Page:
- that life for an egyptian peasant in 1920 ad would have been totally recognised by one from 1920bc

- I read once but cannot source the fact that a modern Sunday paper contains more material than a 16th century man would have read in a lifetime.

- that you had to live on potage for most of English history.

- that you can walk the streets in Pompeii that the ancient Romans did.

TunipTheVegemal Thu 27-Sep-12 20:50:39

Those are great Freerangelady.
I do feel like to understand history and what life was like for most people in England, you have to understand farming. People were very close to the land for most of history. Even London, in Roman times, had pigs running through it. It's no coincidence that my favourite historical novelist, Norah Lofts, was from a farming family.

MarinaIvy Fri 28-Sep-12 13:00:04

This actually shut me up:


If the link doesn't work, gist is: centuries of Europeans (including the Vikings!) couldn't break into America, until a plague wiped out 96% of the native population. Blows my freaking mind.

SaggyOldClothCatPuss Fri 28-Sep-12 19:38:04

Just worked that out Rusty! grin

AllPastYears Fri 28-Sep-12 20:11:29

In no particular order...

- that in Georgian times commodes might be used in a roomful of people, e.g. just kept in the corner of the dining room and in the middle of the meal you might go over for a poo (vom)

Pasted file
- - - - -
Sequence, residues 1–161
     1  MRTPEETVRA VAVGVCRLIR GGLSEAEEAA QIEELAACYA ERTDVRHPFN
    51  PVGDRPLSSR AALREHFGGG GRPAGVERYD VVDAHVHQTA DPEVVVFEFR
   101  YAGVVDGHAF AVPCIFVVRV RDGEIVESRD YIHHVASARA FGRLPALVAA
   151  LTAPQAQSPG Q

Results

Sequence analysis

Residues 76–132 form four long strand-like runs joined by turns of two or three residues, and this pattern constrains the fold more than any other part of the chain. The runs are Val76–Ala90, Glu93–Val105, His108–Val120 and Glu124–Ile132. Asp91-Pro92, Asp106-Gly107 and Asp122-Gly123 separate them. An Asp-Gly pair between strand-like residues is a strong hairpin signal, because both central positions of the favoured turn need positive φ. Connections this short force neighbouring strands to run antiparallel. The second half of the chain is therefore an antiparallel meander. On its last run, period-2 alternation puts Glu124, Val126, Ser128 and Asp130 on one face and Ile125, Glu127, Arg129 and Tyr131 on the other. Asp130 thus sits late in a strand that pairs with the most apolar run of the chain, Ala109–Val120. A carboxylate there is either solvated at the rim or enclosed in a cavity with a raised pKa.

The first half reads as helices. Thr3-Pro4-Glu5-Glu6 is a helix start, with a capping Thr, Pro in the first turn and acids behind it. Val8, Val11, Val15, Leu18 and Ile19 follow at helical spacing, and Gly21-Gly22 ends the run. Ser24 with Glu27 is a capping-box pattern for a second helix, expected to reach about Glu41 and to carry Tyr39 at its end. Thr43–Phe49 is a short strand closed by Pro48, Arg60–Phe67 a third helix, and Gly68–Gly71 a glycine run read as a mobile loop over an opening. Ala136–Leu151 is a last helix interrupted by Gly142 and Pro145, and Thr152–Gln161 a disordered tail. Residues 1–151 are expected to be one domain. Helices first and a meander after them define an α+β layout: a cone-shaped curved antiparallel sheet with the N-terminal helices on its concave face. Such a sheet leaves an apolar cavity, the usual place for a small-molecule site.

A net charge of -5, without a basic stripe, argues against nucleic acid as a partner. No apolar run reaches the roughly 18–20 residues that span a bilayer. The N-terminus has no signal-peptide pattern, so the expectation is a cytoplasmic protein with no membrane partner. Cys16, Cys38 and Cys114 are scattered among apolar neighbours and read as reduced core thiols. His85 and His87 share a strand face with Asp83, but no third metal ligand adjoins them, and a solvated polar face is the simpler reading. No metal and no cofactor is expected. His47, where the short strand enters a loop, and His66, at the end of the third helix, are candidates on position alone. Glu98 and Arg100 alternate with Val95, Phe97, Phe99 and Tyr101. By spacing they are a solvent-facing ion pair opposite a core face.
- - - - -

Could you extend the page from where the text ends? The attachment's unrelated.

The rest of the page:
- the number of children who died in infancy

- the number of women who died in childbirth

- that the "past" is actually so recent - e.g. just 300 years ago, or even 100, people's lives were so different

- on the Genghis Khan descendants front, how about this? Bit flawed I think though - 1 million people wouldn't interbreed randomly, it would depend on location, social class etc.

- that human beings lived through the Ice Age

- that you used to be able to walk from England to France

- that there are so many remains of the past just below us (potsherds, old shoes, bones etc). Now that there are so many of us, and we all own and discard so much stuff, will future generations be deluged with our leavings and just not bother to dig up anything of ours?

Nigglenaggle Fri 28-Sep-12 20:41:29